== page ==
Monday, July 6, 2015

Freedom and Civil Rights in Iowa: Two Controversial Decisions, Other Progressive Decisions made in the State of Iowa

      These are other progressive decisions made in the state of Iowa since the 1838 In the Matter of Ralph decision. Some were made by the Iowa Supreme Court, some by the state legislature, some during a constitutional convention, some were made by educational institutions such as colleges and universities, and some were made by the president or U.S. military.

      This timeline which shows the progressive 177 year history of Iowa proves the 2009 decision was not the first time a controversial decision had been made and that such decisions were not just made by the Iowa Supreme Court.

1838: While still a territory Iowa allowed unmarried women to own property. At that time, women did not have rights and in most of the U.S. they were considered property themselves.

1846: In the same year Iowa became a state it became the second state in the nation to allow married women to own property that did not originally come from her husband.

Iowa demonstrated its acceptance of religious minorities by allowing safe passage of the Mormons through western Iowa who were fleeing religious persecution in Illinois.

1851: A century before the rest of the United States and 12 years before the Emancipation Proclamation Iowa became the second state to legalize interracial marriage.

Iowa legislated that the property of married women did not vest in her husband, nor did the husband control his wife’s property.

1857: The University of Iowa became the first state university in the nation to open its degree programs to women.

1860: The Iowa Supreme Court ruled that a married woman may acquire real and personal property and hold it in her own right.

1867: African American men were granted the right to vote. 3 years ahead of the rest of the United States.

1868: The Iowa Supreme Court ruled that women could have custody rights.

Iowa became the second state in the country to outlaw segregated schools. It took another ninety years before the rest of the United States did this. The Iowa Supreme Court ruled, in the case brought before it by Alexander Clark of Muscatine, that all children in Iowa must attend the same schools.

1869: Julia C. Addington became the first woman in the United States to be elected to a public office. She was elected to be Mitchell County Superintendent in northeast Iowa. At the time women were not allowed to vote in Iowa. Julia then got nervous about her election and asked the Iowa Attorney General to issue an opinion on the matter. He wrote that her election was legal under the constitution of Iowa. That was the first such ruling from any Attorney General in the country. Within a decade, 75% of the county superintendents in Iowa were women.

Iowa became the first state to allow women to join the bar, this made it possible for Iowa to have the first female attorney in the U.S.:  Arabella Mansfield.

1871: Ada E. North became the first woman appointed as the Iowa State Librarian> She was the first woman in the United States to such a position.

1873: The Iowa Supreme Court ruled that African Americans are entitled to equal treatment in public accommodation.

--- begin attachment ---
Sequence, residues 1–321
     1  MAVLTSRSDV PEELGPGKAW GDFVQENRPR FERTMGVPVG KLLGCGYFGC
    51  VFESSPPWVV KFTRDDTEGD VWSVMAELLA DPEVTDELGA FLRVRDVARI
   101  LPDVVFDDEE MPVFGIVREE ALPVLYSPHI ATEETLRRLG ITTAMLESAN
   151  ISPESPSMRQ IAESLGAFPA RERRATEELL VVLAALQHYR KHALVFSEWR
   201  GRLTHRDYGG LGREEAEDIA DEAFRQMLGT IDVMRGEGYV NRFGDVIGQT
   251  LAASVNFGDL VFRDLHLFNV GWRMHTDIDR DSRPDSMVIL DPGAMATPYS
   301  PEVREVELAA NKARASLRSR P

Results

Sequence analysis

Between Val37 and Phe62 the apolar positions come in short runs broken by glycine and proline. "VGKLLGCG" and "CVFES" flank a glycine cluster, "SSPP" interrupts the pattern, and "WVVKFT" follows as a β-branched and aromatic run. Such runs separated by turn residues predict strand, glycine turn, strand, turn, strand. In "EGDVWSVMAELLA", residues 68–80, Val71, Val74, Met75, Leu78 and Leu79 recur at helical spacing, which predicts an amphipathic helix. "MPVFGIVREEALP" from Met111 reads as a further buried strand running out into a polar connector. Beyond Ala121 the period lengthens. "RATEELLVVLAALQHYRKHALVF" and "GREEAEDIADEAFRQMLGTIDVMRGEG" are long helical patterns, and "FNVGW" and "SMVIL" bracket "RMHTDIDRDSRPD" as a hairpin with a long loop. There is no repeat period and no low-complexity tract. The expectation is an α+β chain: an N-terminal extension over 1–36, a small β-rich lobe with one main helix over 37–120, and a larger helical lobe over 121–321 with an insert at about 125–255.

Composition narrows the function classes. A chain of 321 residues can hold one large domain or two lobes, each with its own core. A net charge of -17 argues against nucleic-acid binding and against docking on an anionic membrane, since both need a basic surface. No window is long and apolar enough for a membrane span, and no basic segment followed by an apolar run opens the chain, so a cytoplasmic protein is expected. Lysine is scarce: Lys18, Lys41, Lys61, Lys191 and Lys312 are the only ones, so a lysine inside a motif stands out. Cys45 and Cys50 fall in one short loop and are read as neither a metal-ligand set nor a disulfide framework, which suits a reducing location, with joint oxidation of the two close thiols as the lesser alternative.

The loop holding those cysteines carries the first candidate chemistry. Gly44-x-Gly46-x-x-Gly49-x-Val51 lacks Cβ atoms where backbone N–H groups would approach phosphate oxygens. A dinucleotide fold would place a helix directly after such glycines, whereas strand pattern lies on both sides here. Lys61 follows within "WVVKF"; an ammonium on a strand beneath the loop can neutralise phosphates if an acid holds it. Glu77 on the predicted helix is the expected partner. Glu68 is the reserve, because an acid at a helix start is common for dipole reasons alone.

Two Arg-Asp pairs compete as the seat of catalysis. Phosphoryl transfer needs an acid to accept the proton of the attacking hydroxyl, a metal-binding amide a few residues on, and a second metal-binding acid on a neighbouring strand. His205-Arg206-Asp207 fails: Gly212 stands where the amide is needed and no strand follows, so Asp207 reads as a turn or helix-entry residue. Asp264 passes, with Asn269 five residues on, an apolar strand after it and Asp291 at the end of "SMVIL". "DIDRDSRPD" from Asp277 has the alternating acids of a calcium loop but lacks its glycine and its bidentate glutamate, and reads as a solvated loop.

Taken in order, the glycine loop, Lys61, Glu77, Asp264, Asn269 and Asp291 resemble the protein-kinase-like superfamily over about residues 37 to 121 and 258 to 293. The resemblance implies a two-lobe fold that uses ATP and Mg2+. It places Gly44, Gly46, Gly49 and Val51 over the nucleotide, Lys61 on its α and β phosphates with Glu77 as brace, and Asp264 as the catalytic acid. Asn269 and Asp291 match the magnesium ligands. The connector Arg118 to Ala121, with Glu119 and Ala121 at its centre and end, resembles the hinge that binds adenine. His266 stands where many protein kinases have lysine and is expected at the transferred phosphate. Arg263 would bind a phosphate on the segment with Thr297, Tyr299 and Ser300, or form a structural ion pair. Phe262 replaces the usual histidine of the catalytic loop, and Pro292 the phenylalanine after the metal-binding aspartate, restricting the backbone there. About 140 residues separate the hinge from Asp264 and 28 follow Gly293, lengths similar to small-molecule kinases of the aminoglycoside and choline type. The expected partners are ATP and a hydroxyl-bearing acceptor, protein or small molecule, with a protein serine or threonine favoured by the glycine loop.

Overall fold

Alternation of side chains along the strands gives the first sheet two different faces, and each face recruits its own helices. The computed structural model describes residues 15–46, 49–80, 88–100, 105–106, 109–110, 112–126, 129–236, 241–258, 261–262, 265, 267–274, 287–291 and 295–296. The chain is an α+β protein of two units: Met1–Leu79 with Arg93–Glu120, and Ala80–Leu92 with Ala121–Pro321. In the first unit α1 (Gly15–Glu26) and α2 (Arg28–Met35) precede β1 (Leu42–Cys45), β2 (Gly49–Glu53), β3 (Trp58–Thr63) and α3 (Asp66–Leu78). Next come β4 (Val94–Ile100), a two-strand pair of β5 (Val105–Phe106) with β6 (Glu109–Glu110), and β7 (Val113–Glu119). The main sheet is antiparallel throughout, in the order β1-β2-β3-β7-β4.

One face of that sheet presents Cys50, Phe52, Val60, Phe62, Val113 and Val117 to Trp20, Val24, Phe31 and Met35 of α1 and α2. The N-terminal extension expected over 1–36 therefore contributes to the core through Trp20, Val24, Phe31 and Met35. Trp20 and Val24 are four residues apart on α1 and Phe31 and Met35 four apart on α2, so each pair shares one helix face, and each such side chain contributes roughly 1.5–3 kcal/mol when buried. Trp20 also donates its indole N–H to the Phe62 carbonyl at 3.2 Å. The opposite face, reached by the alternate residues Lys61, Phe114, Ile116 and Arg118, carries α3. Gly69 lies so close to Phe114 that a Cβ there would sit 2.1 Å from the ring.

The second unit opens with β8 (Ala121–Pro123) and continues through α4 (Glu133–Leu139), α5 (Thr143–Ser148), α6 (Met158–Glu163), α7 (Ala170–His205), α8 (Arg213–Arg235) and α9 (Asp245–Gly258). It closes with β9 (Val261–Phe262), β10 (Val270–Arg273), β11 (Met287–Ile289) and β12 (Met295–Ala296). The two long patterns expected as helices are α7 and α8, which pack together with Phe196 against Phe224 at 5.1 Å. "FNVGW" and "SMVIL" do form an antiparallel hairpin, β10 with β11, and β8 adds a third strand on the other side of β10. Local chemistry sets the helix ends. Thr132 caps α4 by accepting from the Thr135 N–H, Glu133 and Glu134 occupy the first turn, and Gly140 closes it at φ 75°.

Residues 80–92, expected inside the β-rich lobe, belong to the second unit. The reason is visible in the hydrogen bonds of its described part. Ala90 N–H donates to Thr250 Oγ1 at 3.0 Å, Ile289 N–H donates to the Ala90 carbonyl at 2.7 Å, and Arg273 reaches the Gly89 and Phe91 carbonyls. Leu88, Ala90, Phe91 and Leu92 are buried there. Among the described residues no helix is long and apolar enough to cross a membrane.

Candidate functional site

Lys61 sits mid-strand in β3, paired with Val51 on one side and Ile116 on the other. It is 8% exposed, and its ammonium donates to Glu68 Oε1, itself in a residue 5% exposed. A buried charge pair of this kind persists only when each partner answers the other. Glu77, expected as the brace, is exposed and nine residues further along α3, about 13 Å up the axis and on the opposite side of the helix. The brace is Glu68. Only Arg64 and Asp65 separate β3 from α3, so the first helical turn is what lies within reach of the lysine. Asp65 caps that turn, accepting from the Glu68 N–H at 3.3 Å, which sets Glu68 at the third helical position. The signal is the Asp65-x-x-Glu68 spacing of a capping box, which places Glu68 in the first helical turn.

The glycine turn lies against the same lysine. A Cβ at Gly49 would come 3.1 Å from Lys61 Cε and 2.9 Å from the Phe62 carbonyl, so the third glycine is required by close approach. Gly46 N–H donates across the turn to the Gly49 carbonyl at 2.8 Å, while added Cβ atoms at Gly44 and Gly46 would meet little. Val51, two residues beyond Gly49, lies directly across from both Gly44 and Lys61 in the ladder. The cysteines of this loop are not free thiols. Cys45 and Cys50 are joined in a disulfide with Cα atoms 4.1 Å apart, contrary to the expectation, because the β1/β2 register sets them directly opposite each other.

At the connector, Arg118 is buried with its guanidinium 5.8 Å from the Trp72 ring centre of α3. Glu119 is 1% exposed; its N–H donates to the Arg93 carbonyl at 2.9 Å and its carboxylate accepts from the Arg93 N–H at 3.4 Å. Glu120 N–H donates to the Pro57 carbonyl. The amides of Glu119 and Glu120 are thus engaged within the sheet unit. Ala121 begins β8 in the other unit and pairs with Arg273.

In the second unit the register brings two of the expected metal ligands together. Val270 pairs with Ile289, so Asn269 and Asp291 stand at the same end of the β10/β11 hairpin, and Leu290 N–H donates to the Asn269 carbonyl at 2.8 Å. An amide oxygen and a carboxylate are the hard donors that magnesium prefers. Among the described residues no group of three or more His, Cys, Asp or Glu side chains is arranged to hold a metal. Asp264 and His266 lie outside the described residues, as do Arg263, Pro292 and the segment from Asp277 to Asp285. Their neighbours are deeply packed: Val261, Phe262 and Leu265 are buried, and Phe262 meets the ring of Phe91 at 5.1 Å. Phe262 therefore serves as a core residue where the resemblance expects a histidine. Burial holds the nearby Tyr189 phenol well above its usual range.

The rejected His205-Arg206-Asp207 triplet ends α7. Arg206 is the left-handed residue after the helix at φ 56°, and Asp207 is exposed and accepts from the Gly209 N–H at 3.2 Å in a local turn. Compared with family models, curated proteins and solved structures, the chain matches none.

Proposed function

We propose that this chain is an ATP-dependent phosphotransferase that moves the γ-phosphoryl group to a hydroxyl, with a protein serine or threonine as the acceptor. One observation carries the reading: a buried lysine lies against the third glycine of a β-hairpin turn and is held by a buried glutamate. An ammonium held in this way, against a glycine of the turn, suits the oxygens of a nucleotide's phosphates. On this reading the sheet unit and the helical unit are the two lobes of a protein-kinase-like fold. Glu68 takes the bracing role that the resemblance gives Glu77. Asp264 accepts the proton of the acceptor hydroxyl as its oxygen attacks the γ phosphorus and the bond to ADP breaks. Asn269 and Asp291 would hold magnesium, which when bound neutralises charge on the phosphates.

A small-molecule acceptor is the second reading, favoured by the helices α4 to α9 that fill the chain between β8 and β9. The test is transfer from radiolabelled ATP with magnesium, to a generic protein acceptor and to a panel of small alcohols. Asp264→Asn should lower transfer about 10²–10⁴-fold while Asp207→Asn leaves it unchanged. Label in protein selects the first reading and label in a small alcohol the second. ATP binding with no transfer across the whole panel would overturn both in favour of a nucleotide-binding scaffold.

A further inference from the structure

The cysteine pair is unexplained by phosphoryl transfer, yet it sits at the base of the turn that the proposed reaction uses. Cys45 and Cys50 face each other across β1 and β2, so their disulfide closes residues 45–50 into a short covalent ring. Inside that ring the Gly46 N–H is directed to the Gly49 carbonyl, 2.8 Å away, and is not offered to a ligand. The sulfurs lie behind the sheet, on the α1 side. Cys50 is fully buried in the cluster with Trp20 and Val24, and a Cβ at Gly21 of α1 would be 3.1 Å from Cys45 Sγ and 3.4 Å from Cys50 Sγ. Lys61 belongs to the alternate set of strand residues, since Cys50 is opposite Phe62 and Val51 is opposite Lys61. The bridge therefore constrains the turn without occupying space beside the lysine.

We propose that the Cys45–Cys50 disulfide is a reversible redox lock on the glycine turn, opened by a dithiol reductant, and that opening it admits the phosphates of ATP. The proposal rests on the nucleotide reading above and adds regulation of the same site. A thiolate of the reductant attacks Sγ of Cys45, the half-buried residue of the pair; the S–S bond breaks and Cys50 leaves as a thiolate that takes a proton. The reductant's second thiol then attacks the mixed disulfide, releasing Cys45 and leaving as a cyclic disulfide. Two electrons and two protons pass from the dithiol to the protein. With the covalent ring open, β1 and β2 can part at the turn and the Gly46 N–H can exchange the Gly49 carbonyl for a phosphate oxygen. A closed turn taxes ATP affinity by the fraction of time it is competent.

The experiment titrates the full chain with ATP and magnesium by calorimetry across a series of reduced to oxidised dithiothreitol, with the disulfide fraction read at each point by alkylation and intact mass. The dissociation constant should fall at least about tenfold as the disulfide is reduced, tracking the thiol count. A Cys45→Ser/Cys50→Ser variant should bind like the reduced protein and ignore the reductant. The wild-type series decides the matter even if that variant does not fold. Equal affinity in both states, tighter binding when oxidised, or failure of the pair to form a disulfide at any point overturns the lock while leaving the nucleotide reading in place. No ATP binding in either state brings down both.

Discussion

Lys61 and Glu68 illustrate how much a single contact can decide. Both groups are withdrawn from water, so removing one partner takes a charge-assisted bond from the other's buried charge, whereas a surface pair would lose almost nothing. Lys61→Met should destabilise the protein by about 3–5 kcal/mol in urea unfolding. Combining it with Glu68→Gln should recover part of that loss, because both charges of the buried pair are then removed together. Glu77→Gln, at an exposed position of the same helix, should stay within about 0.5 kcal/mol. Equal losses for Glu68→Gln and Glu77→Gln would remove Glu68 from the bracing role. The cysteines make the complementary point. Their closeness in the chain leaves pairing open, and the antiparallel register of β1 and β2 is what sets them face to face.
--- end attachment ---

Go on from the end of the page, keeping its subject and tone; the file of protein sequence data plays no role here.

1875: Emma Haddock of Iowa City became the first female in the United States to practice law before a federal court.

1880: The Iowa constitution was amended to allow African American men to serve in the Iowa General Assembly.

1884: The Iowa Civil Rights Act was passed. It prohibited discrimination in public accommodation. It was one of the first civil rights acts in the nation.

1885: Iowa once again demonstrated its acceptance of religious minorities as Iowa’s first Muslim immigrants settled in Cedar Rapids, Iowa.

1890: Iowa native, Alexander Clark was appointed by President Harrison to be U.S. minister to Liberia. Mr. Clark became one of the first African American diplomats for the United States.

1894: Iowa became the third state in the nation to give women the right to vote.

1917: The US Army held its first officer candidate class for African American men at Ft. Des Moines.

July 2, 1919: Iowa became the 10th state to ratify the 19th amendment to the U.S. Constitution, which granted women the right to vote.

1934:  The first mosque in the United States is built in Cedar Rapids, Iowa. It is now known as the Mother Mosque of America. Cedar Rapids is also the home of the only exclusively Muslim cemetery in the United States, the Muslim National Cemetery.

1949: The Iowa State Supreme Court ruled that Katz Drug Store in Des Moines discriminated against Edna Griffin. It was the first successful enforcement of the Iowa Civil Rights Act of 1884. The ruling was preceded by a boycott of Katz Drug Store in Des Moines by both white and black residents. This boycott occurred seven years before the bus boycott in Montgomery, Alabama.

1953: Iowa was the only state to defeat a McCarthyistic legislative measure to impose a teacher’s loyalty oath.

Iowan Abdallah Ingram, a World War II veteran from Cedar Rapids, convinced President Eisenhower that Islam should be recognized by the U.S. military, along with Christianity and Judaism. Additionally, he successfully urged President Eisenhower to have the symbol “I” for “Islamic” stamped on the dog tags of American Muslim soldiers.

1962: Iowa becomes the fourth state in the nation to use a merit selection process for its judicial system. This system prevents politics from influencing judges.

1970: Iowa became the second state to adopt no-fault divorce.